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Fort Bragg soldiers compete in premiere military culinary competition

Fort Bragg (US Army)

Fort Bragg culinary specialists flaunted their prowess — from deconstructing chickens to perfectly grilling filet mignon in a field kitchen — during a military cooking competition earlier this month.

The soldiers came together from different units across post to represent Fort Bragg in the Joint Culinary Training Exercise at Fort Lee, Virginia, last week. With teams from every Armed Forces branch, it’s the largest military culinary competition in the United States.

Fort Bragg’s team didn’t take home first place, but it has won more times than anyone else since the exercise started in 1976.

Sgt. 1st Class Latohya Robinson, the competition team manager, said she was proud of the team, which was mostly novice, junior enlisted soldiers.

“I’m most proud of watching them — from where they started to where they’re at now,” she said. “Some of those soldiers came in with no experience.”

The competition has been held every year since 1973, except in 1991 during Desert Storm and 2003 during Operation Iraqi Freedom. It showcases the talent of military chefs from around the globe.

Several changes have taken place over the years to align with efforts to integrate all branches of service, including the event’s name and names of competitions.

The team from U.S. Army Pacific won this year, but Fort Bragg’s team has clinched the honor a record nine times.

Soldiers had to complete meals in the following categories: live cooking, Armed Forces Chef of the Year, Student Chef of the Year, Nutrition Hot Food Challenge, Food Displays and Live Demos and Military Hot Food Kitchen Challenge.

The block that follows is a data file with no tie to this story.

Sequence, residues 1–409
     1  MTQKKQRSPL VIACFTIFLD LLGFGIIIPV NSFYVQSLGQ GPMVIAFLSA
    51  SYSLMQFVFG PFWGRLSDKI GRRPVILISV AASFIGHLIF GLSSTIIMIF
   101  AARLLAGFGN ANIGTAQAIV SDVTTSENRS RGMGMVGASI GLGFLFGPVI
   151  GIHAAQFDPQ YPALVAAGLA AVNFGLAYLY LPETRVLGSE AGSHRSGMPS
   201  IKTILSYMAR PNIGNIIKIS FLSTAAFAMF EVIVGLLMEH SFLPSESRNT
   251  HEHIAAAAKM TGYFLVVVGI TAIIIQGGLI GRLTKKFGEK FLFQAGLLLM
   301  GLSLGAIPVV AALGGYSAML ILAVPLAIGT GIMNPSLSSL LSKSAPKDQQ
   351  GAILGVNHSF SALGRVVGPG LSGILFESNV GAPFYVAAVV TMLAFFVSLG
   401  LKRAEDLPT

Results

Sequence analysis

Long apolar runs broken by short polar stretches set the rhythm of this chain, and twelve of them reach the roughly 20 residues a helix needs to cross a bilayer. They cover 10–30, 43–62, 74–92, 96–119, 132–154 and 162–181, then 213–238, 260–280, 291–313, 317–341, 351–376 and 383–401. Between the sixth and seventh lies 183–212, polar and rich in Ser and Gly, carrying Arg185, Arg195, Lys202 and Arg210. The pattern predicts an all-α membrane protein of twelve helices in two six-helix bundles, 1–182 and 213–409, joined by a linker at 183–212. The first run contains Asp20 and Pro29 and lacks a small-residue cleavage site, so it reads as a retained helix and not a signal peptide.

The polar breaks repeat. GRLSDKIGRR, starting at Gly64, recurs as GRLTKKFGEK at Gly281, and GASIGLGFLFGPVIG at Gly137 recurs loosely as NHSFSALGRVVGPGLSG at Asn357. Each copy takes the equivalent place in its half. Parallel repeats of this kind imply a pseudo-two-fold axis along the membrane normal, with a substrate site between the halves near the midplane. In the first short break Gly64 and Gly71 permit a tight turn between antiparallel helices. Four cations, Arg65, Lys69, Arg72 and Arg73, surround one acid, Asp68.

Although they can stray from recipe cards when they cook in dining facilities on installations, the soldiers had to stick to the cards for the competition so they wouldn’t jeopardize the nutritional value of their meals.

Teams were timed to complete meals for each category. Robinson said the time limit placed more pressure on the culinary specialists already challenged to flex their technical skills.

Robinson, a 16-year veteran and member of the Army’s first field feeding company — the 3rd Expeditionary Sustainment Command’s 25th Quartermaster Company, 264th Combat Service and Support Battalion — said she mentored each soldier on the team, encouraging them to focus on their core skills.

“Once you get started, you watch the clock,” she said. “I reassured them.”

For their Nutrition Hot Food Challenge Meal, the Fort Bragg soldiers made poached salmon and veggie spring rolls.

In the Hot Food Kitchen Challenge, which simulates a field kitchen, the culinary specialists made filet mignon with a chocolate roll cake and ice cream for dessert.

“I hope our team impressed them,” Robinson said. “It really showed that we went out there and tried our best.”


© 2018 The Fayetteville Observer (Fayetteville, N.C.)

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